Toxoplasma gondii utilizes specialized secretory organelles called rhoptries to invade and hijack its host cell. Many rhoptry proteins are proteolytically processed at a highly conserved SFXE site to remove organellar targeting sequences that may also affect protein activity. We have studied the trafficking and biogenesis of a secreted rhoptry metalloprotease with homology to insulysin that we named toxolysin-1 (TLN1). ...

Differential Selection of Golgi Proteins by COPII Sec24 Isoforms in Procyclic Trypanosoma brucei
Lars Demmel, Michael Melak, Harald Kotisch, Justin Fendos, Siegfried Reipert and Graham Warren
Traffic, Volume 12, Issue 11: 1575–1591, Abstract
The Sec24 subunit of the coat protein complex II (COPII) has been implicated in selecting newly synthesized cargo from the endoplasmic reticulum (ER) for delivery to the Golgi. The protozoan parasite, Trypanosoma brucei, contains two paralogs, TbSec24.1 and TbSec24.2, which were depleted using RNA interference in the insect form of the parasite. Depletion of either TbSec24.1 or ...

A Conserved Archaeal Pathway for Tail-Anchored Membrane Protein Insertion
John Sherrill, Malaiyalam Mariappan, Pawel Dominik, Ramanujan S. Hegde and Robert J. Keenan
Traffic, Volume 12, Issue 9: 1119–1123, Abstract
Eukaryotic tail-anchored (TA) membrane proteins are inserted into the endoplasmic reticulum by a post-translational TRC40 pathway, but no comparable pathway is known in other domains of life. The crystal structure of an archaebacterial TRC40 sequence...

Plasmodium falciparum Apicoplast Transit Peptides are Unstructured in vitro and During Apicoplast Import
John R. Gallagher, Krista A. Matthews and Sean T. Prigge
Traffic, Volume 12, Issue 9: 1124–1138, Abstract
Trafficking of soluble proteins to the apicoplast in Plasmodium falciparum is determined by an N-terminal transit peptide (TP) which is necessary and sufficient for apicoplast import. Apicoplast precursor proteins are synthesized at the rough endoplasmic reticulum, but are then specifically sorted from other proteins in the secretory pathway. The mechanism of TP recognition is presently ...

Forward Targeting of Toxoplasma gondii Proproteins to the Micronemes Involves Conserved Aliphatic Amino Acids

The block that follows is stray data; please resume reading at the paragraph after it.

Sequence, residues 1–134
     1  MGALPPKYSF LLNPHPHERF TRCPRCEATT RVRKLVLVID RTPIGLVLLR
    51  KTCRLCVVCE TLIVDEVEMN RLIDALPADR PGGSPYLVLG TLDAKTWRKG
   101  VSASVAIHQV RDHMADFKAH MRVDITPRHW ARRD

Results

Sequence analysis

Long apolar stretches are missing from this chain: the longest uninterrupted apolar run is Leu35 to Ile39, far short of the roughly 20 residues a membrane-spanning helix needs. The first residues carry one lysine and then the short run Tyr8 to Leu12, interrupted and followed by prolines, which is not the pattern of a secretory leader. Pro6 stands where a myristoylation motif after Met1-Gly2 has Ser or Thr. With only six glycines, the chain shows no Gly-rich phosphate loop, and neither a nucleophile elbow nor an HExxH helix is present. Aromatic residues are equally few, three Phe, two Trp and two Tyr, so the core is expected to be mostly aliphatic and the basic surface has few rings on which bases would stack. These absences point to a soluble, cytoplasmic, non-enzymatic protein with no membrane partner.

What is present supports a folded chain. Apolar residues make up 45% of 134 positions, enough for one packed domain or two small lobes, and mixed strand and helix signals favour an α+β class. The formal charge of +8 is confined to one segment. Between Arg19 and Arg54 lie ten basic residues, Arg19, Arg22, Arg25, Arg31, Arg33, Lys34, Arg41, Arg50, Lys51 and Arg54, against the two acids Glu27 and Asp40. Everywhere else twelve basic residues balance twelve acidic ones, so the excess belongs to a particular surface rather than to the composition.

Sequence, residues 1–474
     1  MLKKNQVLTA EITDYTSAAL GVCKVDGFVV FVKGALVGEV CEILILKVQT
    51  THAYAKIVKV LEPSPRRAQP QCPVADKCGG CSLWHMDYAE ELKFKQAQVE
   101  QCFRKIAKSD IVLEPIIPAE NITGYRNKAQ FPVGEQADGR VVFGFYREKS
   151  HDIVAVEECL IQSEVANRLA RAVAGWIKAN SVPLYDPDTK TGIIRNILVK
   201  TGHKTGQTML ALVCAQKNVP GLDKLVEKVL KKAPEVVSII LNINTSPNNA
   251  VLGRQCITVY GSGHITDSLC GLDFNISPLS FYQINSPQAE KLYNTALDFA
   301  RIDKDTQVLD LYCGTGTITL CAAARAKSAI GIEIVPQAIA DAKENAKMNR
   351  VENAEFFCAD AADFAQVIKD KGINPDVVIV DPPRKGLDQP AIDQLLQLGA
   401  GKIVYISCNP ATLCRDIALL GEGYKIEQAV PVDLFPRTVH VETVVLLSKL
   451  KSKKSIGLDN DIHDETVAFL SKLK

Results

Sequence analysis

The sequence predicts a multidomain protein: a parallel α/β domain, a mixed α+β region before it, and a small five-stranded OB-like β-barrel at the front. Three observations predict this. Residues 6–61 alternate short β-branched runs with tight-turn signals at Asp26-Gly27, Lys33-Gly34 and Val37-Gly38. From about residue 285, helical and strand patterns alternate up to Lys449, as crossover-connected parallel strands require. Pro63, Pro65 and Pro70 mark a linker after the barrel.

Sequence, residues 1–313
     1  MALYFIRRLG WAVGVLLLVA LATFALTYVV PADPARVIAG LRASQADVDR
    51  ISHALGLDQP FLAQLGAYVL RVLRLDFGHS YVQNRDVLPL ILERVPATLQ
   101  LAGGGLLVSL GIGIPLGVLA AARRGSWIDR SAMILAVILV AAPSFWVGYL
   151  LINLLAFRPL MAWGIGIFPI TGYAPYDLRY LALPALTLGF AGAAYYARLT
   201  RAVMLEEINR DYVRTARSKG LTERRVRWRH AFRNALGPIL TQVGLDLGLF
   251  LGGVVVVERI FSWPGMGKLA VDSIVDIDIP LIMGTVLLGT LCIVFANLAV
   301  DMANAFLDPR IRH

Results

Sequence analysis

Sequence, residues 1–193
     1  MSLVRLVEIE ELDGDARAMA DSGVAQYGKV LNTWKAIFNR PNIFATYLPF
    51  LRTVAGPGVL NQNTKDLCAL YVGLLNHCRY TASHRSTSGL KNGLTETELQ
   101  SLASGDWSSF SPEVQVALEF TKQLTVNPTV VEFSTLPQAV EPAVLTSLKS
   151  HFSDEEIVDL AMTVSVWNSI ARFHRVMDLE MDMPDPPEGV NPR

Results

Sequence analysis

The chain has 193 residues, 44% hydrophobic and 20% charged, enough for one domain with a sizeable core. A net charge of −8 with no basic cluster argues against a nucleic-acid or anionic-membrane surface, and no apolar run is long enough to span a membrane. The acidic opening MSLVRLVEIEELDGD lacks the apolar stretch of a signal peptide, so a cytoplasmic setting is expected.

Rajshekhar Y. Gaji, Halley P. Flammer and Vern B. Carruthers
Traffic, Volume 12, Issue 7: 840–853, Abstract
Like other apicomplexan parasites, Toxoplasma gondii actively invades host cells using a combination of secretory proteins and an acto-myosin motor system. Micronemes are the first set of proteins secreted during invasion that play an essential role in host cell entry. Many microneme proteins (MICs) function in protein complexes, and each complex contains at least one protein that displays a

Chlamydia trachomatis Infection Causes Mitotic Spindle Pole Defects Independently from its Effects on Centrosome Amplification
Andrea E. Knowlton, Heather M. Brown, Theresa S. Richards, Lauren A. Andreolas, Rahul K. Patel and Scott S. Grieshaber
Traffic, Volume 12, Issue 7: 854–866, Abstract
Chlamydiae are Gram negative, obligate intracellular bacteria, and Chlamydia trachomatis is the etiologic agent of the most commonly reported sexually transmitted disease in the United States. Chlamydiae undergo a biphasic life cycle that takes place inside a parasitophorous vacuole termed an inclusion. Chlamydial infections have been epidemiologically linked to cervical cancer in ...

Conformation of the Dileucine-Based Sorting Motif in HIV-1 Nef Revealed by Intermolecular Domain Assembly
Florian A. Horenkamp, Sebastian Breuer, Antje Schulte, Sebastian Lülf, Michael Weyand, Kalle Saksela and Matthias Geyer
Traffic, Volume 12, Issue 7: 867–877, Abstract
The human immunodeficiency virus 1 (HIV-1) Nef protein is a pathogenicity factor required for effective progression to AIDS, which modulates host cell signaling pathways and T-cell receptor internalization. We have determined the crystal structure of Nef, allele SF2, in complex with an engineered SH3 domain of human Hck showing unnaturally tight binding and inhibitory potential toward Nef. ...

The Bacterial SRP Receptor, SecA and the Ribosome Use Overlapping Binding Sites on the SecY Translocon
Patrick Kuhn, Benjamin Weiche, Lukas Sturm, Erik Sommer, Friedel Drepper, Bettina Warscheid, Victor Sourjik and Hans-Georg Koch
Traffic, Volume 12, Issue 5: 563–578, Abstract
Signal recognition particle (SRP)-dependent protein targeting is a universally conserved process that delivers proteins to the bacterial cytoplasmic membrane or to the endoplasmic reticulum membrane in eukaryotes. Crucial during targeting is the transfer of the ribosome-nascent chain complex (RNC) from SRP to the Sec translocon. In eukaryotes, this step is co-ordinated by the SRβ ...

Escherichia coli Producing CNF1 Toxin Hijacks Tollip to Trigger Rac1-Dependent Cell Invasion
Orane Visvikis, Laurent Boyer, Stéphanie Torrino, Anne Doye, Marc Lemonnier, Patrick Lorès, Monica Rolando, Gilles Flatau, Amel Mettouchi, Daniel Bouvard, Esteban Veiga, Gérard Gacon, Pascale Cossart and Emmanuel Lemichez
Traffic, Volume 12, Issue 5: 579–590, Abstract
Rho GTPases, which are master regulators of both the actin cytoskeleton and membrane trafficking, are often hijacked by pathogens to enable their invasion of host cells. Here we report that the cytotoxic necrotizing factor-1 (CNF1) toxin of uropathogenic Escherichia coli (UPEC) promotes Rac1-dependent entry of bacteria into host cells. Our screen for proteins involved in Rac1-dependent UPEC ...